By Doug Levy
Arizona Daily Wildcat
November 20, 1997

More bang for your buck


Charles C. Labenz
Arizona Daily Wildcat

Scott Mehl (left) and Kevin Schaller shoot zombies and ghouls while playing "The House of the Dead" at Stage 35's debut at the Foothills Mall.

For some reason, Tucson is constantly being used as a test market. All manners of products show up here, at one time or another, that may or may not make it to rest of the country, depending on their success.

Well, it's happening again, but this time the product isn't something you can actually hold in your hands. It's an entertainment concept called "Stage 35," and it's brought to you by Sega Gameworks, a company which boasts Steven Spielberg amongst its corporate staff. What we're talking about here is a sort of cross between a video-game arcade and a television soundstage. The first ever "Stage 35" opened its doors to the public this past Saturday in the (almost) newly-renovated Foothills Mall (7401 La Cholla Blvd., off Ina Road).

Previously, Gameworks had been involved in the opening of actual "Gameworks" establishments in larger cities around the country, places which creative producer Dennis Larkins describes as "kind of a cross between an arcade and a nightclub." "Gameworks" occupies about 30,000-square feet and, in addition to the latest state-of-the-art games, features a bar and a restaurant.

On the other hand, as Larkins says, "'Stage 35' is designed to appeal to a younger audience primarily, but ... the idea for me is to create a stimulating, positive fun environment that would appeal really to anyone."

Larkins and his team of designers actually work on a Universal Studios soundstage. Stage 35, to be precise. Hence the name. In setting up the environment for the arcade, they divided the space (about a fifth the size of the larger venues) into what they call "neighborhoods." Describing them as sort of like mini-sets for television shows, Larkins adds, "each one is a little themed environment, with backdrops, theatrical lighting and so forth."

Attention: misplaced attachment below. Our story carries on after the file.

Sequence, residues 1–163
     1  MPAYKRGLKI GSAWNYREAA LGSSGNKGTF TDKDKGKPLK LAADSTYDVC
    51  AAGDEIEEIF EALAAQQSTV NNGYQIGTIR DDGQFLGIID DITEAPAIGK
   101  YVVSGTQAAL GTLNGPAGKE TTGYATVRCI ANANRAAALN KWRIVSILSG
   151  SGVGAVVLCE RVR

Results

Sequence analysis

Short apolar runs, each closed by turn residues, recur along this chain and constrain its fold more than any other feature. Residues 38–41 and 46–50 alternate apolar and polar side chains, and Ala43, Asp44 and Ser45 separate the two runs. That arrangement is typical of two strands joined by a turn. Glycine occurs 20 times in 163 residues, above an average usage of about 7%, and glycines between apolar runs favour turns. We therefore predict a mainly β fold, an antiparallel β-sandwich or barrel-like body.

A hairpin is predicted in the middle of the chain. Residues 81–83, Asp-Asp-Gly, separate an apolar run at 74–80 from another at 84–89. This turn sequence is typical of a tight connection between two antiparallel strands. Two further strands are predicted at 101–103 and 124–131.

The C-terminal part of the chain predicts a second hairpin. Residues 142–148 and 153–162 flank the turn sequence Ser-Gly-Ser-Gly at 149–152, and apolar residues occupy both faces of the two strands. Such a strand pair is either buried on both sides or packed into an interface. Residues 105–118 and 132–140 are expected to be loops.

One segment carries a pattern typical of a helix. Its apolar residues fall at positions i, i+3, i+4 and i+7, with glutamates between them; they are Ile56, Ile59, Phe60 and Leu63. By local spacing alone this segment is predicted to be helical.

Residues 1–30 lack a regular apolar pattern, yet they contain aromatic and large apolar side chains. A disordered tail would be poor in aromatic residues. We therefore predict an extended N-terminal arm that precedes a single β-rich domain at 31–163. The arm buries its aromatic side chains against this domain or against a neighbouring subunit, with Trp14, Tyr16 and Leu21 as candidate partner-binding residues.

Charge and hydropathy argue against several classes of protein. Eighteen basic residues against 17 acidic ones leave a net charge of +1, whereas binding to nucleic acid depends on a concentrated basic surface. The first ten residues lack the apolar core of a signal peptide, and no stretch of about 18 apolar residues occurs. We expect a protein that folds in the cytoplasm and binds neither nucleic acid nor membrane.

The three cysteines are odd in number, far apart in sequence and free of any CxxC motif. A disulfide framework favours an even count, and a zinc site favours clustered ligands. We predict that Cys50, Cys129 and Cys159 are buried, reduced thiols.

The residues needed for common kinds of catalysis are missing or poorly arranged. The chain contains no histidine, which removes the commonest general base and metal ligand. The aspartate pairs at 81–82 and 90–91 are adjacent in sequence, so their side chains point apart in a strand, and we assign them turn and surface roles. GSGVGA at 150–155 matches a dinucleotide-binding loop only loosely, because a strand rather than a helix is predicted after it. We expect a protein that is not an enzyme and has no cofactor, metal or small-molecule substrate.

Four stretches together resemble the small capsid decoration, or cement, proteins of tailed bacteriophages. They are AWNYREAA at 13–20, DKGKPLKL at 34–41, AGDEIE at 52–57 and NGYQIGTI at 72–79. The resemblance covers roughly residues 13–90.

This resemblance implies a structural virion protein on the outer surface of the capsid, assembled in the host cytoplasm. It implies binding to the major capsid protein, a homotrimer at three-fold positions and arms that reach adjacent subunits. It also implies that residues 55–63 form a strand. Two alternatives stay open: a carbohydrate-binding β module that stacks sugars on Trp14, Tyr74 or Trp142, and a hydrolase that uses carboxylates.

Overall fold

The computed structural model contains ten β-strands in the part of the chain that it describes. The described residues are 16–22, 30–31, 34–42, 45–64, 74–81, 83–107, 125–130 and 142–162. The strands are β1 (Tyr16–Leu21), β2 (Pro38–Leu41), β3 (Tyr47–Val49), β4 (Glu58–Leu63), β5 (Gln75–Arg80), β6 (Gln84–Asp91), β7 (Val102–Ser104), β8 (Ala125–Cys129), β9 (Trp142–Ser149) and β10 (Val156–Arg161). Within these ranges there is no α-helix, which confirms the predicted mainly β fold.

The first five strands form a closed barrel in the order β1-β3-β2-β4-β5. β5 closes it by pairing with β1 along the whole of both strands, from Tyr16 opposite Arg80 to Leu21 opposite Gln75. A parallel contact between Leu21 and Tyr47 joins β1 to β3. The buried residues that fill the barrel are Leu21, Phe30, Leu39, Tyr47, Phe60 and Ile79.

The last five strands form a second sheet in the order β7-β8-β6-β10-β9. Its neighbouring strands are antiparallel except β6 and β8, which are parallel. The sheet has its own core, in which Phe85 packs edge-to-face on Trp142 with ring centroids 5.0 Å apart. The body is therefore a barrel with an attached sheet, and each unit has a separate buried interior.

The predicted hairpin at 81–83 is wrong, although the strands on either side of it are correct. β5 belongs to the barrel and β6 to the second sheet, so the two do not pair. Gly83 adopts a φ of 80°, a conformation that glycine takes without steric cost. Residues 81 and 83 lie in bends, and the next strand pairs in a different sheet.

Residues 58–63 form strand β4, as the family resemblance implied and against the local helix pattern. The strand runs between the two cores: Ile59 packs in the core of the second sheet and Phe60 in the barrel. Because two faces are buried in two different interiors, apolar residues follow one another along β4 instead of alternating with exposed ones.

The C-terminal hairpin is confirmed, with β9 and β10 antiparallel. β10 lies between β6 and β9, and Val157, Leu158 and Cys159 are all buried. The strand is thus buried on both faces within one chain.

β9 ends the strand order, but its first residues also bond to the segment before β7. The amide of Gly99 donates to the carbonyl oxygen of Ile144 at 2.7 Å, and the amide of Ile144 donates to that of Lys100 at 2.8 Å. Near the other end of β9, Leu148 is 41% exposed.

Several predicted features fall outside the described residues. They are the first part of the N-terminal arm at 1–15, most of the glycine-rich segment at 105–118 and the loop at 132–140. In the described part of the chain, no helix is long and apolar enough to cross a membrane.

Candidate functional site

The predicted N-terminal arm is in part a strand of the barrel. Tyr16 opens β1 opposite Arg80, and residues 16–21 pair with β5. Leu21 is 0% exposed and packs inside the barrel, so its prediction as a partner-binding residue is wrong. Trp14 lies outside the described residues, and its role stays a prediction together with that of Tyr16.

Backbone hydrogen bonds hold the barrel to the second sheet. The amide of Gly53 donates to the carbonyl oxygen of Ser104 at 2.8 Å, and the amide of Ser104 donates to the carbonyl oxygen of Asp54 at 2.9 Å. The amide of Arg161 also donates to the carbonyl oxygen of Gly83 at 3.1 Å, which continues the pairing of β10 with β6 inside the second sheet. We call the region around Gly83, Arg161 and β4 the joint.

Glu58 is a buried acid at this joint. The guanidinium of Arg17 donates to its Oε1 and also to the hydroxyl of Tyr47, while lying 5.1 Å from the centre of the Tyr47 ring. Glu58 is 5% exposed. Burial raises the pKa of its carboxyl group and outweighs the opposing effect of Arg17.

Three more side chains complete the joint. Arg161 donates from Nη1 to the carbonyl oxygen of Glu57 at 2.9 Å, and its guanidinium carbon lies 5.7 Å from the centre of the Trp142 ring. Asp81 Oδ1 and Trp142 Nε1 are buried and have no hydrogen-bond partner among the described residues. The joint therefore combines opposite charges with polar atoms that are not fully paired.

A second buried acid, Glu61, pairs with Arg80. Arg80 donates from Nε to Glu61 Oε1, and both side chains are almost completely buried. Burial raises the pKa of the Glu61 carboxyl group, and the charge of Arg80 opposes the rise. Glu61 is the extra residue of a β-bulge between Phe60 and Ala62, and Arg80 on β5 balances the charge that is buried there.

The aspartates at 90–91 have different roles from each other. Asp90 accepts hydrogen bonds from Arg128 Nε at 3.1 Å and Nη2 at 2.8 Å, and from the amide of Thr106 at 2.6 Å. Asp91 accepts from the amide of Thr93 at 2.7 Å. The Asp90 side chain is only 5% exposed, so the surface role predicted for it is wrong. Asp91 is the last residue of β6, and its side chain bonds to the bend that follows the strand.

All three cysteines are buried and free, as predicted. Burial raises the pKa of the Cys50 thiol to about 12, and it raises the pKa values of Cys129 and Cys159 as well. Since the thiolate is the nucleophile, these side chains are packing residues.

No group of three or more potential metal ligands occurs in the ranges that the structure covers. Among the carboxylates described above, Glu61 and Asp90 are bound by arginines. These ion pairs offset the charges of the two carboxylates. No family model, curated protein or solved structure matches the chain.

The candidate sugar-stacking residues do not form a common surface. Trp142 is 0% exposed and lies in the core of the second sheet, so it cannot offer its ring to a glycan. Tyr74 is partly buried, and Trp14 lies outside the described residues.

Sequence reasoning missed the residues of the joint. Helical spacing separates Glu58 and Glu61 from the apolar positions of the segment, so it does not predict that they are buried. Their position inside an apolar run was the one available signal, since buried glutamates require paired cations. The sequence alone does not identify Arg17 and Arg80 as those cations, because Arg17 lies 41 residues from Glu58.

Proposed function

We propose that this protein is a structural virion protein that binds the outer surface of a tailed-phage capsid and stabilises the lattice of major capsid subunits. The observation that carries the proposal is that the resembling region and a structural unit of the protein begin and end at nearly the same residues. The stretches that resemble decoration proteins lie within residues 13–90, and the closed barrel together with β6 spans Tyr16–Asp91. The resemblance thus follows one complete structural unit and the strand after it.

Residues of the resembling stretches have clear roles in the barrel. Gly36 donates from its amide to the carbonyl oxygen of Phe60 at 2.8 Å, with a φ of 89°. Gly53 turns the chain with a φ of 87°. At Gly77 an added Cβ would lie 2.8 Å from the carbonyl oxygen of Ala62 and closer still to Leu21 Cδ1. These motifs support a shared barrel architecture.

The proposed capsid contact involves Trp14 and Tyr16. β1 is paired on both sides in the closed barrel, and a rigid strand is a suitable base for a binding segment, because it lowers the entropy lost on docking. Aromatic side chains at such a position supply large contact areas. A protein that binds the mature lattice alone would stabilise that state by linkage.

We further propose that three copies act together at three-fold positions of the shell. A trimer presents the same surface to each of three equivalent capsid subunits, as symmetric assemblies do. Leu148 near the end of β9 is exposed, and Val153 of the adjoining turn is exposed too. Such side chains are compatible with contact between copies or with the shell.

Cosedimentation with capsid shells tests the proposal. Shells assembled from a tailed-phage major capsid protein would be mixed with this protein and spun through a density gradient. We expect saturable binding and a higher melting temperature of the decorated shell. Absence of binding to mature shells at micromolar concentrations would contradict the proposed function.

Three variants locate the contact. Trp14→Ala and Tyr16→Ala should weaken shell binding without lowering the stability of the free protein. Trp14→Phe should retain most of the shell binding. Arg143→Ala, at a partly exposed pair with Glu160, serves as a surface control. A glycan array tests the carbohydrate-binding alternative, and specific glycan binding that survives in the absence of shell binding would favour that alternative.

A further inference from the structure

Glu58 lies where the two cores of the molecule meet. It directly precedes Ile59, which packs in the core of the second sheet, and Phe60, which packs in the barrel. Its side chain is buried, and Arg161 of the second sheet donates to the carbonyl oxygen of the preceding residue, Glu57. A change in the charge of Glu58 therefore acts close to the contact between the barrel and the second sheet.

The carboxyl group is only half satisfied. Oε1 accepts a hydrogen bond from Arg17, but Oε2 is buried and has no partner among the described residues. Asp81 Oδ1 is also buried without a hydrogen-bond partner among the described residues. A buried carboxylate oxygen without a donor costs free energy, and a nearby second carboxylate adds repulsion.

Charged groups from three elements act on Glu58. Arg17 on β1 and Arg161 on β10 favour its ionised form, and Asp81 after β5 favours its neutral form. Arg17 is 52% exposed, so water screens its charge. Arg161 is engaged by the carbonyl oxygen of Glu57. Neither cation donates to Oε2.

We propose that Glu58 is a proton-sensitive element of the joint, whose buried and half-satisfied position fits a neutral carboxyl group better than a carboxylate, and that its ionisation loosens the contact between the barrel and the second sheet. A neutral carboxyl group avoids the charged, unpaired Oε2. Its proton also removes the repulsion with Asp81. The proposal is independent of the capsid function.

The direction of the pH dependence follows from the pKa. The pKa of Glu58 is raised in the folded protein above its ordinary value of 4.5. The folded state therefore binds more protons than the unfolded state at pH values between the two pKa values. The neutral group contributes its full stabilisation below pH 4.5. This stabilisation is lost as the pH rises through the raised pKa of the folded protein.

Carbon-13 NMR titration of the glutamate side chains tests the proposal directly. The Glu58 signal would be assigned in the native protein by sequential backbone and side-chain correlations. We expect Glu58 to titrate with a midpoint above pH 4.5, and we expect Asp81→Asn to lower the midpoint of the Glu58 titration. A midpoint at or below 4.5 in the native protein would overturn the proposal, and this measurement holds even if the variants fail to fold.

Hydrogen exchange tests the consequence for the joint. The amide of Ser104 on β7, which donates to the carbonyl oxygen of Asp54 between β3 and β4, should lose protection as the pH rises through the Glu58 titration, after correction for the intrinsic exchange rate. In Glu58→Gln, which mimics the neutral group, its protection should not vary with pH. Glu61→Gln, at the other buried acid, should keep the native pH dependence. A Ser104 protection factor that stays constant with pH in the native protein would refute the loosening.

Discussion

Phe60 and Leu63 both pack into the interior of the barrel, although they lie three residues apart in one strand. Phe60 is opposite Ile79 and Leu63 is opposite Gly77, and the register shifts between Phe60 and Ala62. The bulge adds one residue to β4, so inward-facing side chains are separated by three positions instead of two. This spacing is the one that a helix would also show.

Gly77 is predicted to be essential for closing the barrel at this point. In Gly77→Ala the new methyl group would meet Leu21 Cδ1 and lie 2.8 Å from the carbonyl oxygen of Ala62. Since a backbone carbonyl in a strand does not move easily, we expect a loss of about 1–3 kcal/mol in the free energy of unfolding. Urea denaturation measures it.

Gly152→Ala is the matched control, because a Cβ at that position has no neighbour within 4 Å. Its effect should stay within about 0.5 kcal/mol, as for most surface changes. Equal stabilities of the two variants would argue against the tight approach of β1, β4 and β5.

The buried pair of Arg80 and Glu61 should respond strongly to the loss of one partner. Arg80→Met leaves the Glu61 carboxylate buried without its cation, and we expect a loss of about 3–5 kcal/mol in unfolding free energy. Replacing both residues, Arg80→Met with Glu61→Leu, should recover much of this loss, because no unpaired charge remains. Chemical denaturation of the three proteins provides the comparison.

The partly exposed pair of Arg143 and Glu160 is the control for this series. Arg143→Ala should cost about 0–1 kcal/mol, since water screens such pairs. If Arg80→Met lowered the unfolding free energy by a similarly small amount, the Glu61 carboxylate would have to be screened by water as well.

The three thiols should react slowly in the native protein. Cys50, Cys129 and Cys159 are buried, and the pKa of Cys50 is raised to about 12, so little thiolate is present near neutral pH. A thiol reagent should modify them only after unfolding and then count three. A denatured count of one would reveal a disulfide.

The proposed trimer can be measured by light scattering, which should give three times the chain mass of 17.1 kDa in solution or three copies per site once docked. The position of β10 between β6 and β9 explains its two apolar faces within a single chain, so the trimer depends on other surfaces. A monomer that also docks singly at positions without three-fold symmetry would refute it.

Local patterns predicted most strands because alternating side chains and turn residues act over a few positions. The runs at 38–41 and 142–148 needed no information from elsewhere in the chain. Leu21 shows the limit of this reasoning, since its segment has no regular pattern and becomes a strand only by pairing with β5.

The entrance to "Stage 35" is through what he calls a "deconstuctivist industrial facade," which leads you to the "neighborhoods" themselves, "The Living Room," "The Surf Shack," "The Half-Court" and "The Garage." Each area features numerous props and elaborate design, as well as a variety of games that fit (loosely) with its theme.

And, of course, it's the games that are most important here, because regardless of what went into the creation of "Stage 35," it's still an arcade, so if the games aren't up to par, it won't work. Fortunately, they are and then some. More than half the games featured seem to have some sort of actual interactive component, from the skateboarding game "Top Boarder," where the player actually stands on and manipulates a skateboard, or the wave-riding game where you sit on a simulated vehicle, to the mock-up of a batting cage, which involves swinging an actual bat at a computer generated ball on a screen. There's even a fishing simulation where you hold a rod and reel.

The only real drawback is the price of these games; averaging at about a $1 per play, it can get real costly, real fast. Fortunately, there is a solution to running through your paycheck in an hour. Tuesday nights from 5 to 10 p.m., $10 buys you unlimited play.

Stage 35 is open M-Th 10am-9pm, Fri. & Sat. 10am-midnight and Sun. 11am-9pm.


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